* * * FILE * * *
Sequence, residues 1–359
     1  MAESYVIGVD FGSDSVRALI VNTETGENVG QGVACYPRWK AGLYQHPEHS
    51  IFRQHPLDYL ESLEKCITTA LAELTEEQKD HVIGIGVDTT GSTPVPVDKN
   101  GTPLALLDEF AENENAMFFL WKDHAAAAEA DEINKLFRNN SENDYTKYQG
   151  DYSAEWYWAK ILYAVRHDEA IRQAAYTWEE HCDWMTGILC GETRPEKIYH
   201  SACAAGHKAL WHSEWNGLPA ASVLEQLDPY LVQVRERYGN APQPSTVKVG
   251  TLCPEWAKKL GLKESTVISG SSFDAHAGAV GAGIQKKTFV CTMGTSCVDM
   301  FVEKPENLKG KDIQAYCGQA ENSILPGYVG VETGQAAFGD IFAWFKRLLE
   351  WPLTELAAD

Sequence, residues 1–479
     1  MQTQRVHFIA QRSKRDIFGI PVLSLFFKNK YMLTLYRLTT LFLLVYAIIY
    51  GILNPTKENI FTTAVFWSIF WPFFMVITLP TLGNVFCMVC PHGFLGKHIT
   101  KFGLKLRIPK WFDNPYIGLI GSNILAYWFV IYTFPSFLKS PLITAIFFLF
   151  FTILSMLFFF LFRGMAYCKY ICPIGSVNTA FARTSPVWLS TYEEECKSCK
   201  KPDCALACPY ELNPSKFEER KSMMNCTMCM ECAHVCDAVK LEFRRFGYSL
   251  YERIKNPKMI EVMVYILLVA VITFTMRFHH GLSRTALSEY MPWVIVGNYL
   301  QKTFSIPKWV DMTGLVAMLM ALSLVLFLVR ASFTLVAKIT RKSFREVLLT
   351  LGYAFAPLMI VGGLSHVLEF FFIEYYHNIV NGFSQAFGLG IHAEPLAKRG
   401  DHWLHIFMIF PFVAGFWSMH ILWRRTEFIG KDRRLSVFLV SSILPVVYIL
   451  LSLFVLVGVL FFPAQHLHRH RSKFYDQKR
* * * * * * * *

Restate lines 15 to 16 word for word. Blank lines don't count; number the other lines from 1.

   201  KPDCALACPY ELNPSKFEER KSMMNCTMCM ECAHVCDAVK LEFRRFGYSL
   251  YERIKNPKMI EVMVYILLVA VITFTMRFHH GLSRTALSEY MPWVIVGNYL